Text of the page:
US: With the help of UC Berkeley’s Geospatial Innovation Facility, the California Energy Commission, US, launched Cal-Adapt. It is a website that grants public access to California’s climate change data, including past information and future projections.
The data that will be displayed on the website have been compiled since 2003. After receiving a sponsorship of USD 500,000 from the California Energy Commission’s Public Interest Energy Research Program and advisory oversight from the California Natural Resources Agency, the Geospatial Innovation Facility began developing the website.
Cal-Adapt aims to synthesise data produced by research organisations and state-wide universities, including UC Berkeley, UC Merced and UC San Diego, to create maps and modules pertaining to state climate changes.
The website integrates 150 years of climate change data that take into account different carbon emission scenarios, which are presented to the user in a visual format depicting rising sea levels, temperature changes and wildfire risks, among other variables. The website provides access to climate scenario data so users can develop adaptation strategies for changes such as hotter temperatures, increased sea levels, decreased snowpack and increased risk of wildfires.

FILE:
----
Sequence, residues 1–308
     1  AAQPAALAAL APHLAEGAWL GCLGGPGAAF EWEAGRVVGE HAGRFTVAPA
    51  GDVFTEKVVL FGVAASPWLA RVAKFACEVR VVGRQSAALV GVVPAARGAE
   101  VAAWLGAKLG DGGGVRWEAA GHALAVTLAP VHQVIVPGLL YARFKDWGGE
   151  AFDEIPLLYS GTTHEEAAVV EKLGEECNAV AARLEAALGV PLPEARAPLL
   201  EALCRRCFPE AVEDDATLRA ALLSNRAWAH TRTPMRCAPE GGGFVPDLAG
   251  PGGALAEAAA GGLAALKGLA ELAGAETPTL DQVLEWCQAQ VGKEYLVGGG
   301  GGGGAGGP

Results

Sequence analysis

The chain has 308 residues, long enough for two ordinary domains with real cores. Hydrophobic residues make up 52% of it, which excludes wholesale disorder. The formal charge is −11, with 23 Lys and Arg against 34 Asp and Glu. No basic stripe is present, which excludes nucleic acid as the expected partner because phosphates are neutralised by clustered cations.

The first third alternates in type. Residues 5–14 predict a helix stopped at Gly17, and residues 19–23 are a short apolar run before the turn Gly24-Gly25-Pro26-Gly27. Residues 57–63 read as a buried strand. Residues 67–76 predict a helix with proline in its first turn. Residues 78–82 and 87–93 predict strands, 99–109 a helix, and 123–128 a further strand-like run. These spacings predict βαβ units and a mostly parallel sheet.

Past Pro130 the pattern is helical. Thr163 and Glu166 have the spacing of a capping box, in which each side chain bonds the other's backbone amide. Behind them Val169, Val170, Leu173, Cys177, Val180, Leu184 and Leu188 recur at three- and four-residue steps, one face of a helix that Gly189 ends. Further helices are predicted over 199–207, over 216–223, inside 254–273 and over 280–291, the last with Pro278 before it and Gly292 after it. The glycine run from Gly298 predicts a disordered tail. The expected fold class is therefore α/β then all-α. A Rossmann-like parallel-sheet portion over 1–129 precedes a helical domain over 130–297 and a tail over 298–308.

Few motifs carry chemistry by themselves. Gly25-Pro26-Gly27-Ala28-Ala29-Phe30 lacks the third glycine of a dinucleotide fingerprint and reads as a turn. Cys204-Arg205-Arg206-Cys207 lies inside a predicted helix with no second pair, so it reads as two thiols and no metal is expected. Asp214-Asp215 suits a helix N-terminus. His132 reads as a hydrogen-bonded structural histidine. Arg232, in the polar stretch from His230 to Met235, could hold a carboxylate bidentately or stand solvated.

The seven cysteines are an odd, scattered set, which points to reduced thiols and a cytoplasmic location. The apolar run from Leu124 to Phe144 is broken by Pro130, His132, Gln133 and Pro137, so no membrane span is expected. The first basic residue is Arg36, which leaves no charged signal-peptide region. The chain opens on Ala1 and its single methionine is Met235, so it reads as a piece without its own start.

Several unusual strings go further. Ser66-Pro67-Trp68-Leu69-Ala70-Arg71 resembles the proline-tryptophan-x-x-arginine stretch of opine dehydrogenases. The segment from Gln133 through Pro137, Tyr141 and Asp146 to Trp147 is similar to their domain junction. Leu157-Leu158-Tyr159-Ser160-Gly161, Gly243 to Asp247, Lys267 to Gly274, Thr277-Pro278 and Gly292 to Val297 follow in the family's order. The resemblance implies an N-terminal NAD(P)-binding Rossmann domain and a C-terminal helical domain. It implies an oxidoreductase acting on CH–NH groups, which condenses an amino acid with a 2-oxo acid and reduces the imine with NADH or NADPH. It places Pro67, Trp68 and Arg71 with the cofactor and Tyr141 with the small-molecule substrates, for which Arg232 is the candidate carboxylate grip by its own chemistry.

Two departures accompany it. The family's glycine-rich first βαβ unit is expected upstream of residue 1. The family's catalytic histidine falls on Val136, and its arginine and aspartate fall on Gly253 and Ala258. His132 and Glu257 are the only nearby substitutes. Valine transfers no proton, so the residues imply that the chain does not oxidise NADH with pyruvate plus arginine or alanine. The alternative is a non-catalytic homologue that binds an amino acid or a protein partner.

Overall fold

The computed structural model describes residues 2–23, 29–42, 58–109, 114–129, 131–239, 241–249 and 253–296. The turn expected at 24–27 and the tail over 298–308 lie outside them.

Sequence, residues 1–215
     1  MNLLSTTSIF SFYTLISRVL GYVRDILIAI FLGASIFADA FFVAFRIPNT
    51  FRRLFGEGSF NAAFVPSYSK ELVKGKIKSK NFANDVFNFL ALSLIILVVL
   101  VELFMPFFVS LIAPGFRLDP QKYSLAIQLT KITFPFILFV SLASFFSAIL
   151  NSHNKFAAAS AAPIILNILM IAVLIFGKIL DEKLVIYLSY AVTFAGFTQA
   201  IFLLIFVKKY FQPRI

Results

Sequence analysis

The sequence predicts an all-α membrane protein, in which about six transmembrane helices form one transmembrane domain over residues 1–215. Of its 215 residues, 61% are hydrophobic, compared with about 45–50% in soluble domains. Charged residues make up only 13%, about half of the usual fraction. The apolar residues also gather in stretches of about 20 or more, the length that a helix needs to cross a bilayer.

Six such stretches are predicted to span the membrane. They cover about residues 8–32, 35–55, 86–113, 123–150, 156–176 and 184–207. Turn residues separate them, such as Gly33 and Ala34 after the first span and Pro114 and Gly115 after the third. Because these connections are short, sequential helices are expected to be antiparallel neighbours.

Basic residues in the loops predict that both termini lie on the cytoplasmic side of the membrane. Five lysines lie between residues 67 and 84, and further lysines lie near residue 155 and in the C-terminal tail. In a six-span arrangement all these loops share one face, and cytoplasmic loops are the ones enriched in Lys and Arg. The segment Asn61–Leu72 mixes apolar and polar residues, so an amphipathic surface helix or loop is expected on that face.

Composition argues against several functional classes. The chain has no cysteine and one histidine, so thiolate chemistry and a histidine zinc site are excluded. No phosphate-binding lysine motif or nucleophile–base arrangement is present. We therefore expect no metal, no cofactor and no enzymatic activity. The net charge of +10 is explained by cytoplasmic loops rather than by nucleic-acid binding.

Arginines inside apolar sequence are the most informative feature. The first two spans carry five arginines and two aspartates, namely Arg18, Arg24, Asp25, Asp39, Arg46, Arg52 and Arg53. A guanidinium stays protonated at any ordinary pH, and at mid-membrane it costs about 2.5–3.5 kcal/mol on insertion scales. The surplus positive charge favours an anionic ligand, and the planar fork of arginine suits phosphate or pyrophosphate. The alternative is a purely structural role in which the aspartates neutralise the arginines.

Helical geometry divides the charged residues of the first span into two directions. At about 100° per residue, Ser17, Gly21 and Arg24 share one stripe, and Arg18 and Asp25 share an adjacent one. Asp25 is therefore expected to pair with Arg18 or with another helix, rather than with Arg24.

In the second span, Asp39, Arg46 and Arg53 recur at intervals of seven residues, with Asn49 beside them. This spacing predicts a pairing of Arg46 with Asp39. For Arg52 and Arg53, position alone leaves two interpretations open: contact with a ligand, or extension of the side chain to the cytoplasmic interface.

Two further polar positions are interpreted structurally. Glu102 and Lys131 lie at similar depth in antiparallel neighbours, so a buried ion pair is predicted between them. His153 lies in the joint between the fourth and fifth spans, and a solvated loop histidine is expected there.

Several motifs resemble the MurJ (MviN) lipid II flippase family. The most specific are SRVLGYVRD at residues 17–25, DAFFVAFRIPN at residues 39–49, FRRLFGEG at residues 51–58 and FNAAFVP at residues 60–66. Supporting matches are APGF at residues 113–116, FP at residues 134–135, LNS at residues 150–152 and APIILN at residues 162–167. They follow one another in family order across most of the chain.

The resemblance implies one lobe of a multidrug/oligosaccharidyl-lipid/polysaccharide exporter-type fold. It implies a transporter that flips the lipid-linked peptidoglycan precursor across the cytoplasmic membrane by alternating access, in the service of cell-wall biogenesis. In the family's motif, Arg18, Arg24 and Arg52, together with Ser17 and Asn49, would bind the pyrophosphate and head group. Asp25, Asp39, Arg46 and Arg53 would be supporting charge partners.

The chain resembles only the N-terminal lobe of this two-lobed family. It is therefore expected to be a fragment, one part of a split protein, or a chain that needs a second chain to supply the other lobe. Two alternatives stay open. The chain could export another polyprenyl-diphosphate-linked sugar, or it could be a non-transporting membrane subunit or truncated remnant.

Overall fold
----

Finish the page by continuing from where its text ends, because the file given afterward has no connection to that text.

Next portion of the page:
According to Sarah Van Wart, web application developer for Cal-Adapt, the website provides climate projections, not predictions. She added that the website is not meant to predict future outcomes but rather only seeks to display data gathered on climate change in California through extensive research.
To provide more information for the website’s users, the developers upload data regarding wind speed, soil moisture and humidity. “We are targeting three audiences: the expert who can use the data for research, the technician and public agencies who can use it for city planning and the general public who can use it to understand climate change,” said Kevin Koy, manager of the Geospatial Innovation Facility.
Upcoming features on the site include daily temperature projections, according to Geospatial Innovation Facility data developer Brian Galey, as well as a community project in which users will aid scientists by reporting initial flower blooms in their neighbourhoods.
“This innovative website will offer the general public information to assess if their farms, towns, cities, business, counties would be affected and to begin planning for the forthcoming changes,” said Adam Gottlieb, manager of media communications at California Energy Commission, in an email. “By sharing information now, local communities can make better informed decisions later.”